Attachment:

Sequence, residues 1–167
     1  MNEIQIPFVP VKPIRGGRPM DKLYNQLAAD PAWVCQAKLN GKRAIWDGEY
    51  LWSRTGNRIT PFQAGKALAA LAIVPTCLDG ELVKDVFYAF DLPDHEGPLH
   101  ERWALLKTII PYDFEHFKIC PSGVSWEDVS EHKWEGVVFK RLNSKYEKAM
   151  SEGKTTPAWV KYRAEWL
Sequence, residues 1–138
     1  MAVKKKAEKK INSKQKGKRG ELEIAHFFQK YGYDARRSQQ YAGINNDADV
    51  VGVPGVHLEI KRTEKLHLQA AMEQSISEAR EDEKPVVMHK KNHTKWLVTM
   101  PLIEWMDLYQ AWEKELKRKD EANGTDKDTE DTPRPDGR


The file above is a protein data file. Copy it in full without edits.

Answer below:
Sequence, residues 1–167
     1  MNEIQIPFVP VKPIRGGRPM DKLYNQLAAD PAWVCQAKLN GKRAIWDGEY
    51  LWSRTGNRIT PFQAGKALAA LAIVPTCLDG ELVKDVFYAF DLPDHEGPLH
   101  ERWALLKTII PYDFEHFKIC PSGVSWEDVS EHKWEGVVFK RLNSKYEKAM
   151  SEGKTTPAWV KYRAEWL
Sequence, residues 1–138
     1  MAVKKKAEKK INSKQKGKRG ELEIAHFFQK YGYDARRSQQ YAGINNDADV
    51  VGVPGVHLEI KRTEKLHLQA AMEQSISEAR EDEKPVVMHK KNHTKWLVTM
   101  PLIEWMDLYQ AWEKELKRKD EANGTDKDTE DTPRPDGR